2. Remove any brush or heavy growth from around your home. Vegetation can create areas of intense moisture, which is necessary for colony survival. Termites like it wet, so try and disappoint them as much as possible.

  3. Eliminate any standing or pooling water from around your home. It may be necessary to grade the surrounding land so that water does not drain toward the home.

  4. Store all excess building materials and firewood away from the house. Remember that wood is their primary food source. Scrap wood touching the ground is an open invitation to hungry termites. If your property is not large enough for wood storage away from the house, create barriers beneath the wood to prevent direct access to the termites. Thick concrete slabs or heavy duty metal stands can be used to raise the wood off of the ground.

  5. Use treated lumber for any wooden structures that will have direct contact with the ground. The chemicals in treated lumber do not guarantee that termites will not invade the wood, but they can act as a deterrent for decks and patios made out of treated lumber. Home improvement centers now offer concrete supports that raise the wooden support beams for decks and patios off of the ground. This would be a great way to avoid wood to ground contact.

  6. When renovating, sprayed in foam or rigid board insulation should not be used at or below ground level.

  7. Aetna recommends basements be insulated with Roxul and the interior wall framing put up with blue wood, or metal, studs.

  8. Avoid using mulch near your home. Mulch provides two things to hungry termites: a food source and a water source. The qualities of mulch that make it attractive for use in the garden are the very qualities that attract termites. If mulch is placed near the exterior of your home, it is only a small step for a colony to move into your walls. As an alternative to wood mulch, try using one of the newer rubber mulches now available at your local home improvement center. They have the look of mulch and the benefits of mulch without providing the risks.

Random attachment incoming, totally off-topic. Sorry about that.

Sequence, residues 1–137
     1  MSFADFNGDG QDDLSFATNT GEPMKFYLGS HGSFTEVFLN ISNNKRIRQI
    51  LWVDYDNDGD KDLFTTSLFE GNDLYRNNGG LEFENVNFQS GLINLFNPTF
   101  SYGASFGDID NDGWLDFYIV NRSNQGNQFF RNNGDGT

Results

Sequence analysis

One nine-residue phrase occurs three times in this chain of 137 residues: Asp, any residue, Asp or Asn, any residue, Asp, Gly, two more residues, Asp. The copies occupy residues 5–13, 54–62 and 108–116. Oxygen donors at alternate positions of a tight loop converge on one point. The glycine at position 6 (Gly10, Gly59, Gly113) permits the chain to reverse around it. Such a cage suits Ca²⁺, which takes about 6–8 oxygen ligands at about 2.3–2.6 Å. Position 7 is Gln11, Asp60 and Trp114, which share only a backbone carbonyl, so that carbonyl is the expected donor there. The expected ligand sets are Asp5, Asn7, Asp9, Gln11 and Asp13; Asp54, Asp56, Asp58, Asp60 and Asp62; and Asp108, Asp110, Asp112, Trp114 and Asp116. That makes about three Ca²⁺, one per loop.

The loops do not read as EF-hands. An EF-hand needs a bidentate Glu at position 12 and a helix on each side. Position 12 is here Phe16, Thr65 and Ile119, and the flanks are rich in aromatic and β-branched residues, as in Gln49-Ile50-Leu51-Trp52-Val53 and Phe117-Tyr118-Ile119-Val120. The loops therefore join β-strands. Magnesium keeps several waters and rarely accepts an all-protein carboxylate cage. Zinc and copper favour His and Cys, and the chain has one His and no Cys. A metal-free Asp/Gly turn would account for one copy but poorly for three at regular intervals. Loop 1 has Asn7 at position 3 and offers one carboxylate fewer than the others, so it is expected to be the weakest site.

9. Never bury waste lumber or wood scraps in your yard. It acts as a magnet to termites and directs them to your property.

  10. Remove any dead trees, old stumps, or roots in your yard. As these items decay, they attract termites to the area by providing a food source. When the food is gone, the termite colony will look for new sources of food. This includes your house.

  11. Seal any cracks or holes within the foundation of your home. This will help prevent easy access for wandering termites.

  12. Keep all gutters and waterlines clean of debris. Clogged gutters and waterlines leak, creating pools of water close to the house.

  13. Make sure your home is properly ventilated, including your attic and internal crawl space areas. Adequate airflow prevents the buildup of moisture needed by termite colonies.

  14. Periodically, get your home inspected for termite damage. A once-a-year inspection is included with your warranty, and can save your home with early detection. If termites are not found in the home, the trained pest control specialists can at least offer recommendations to help you prevent an invasion. They may catch something you missed.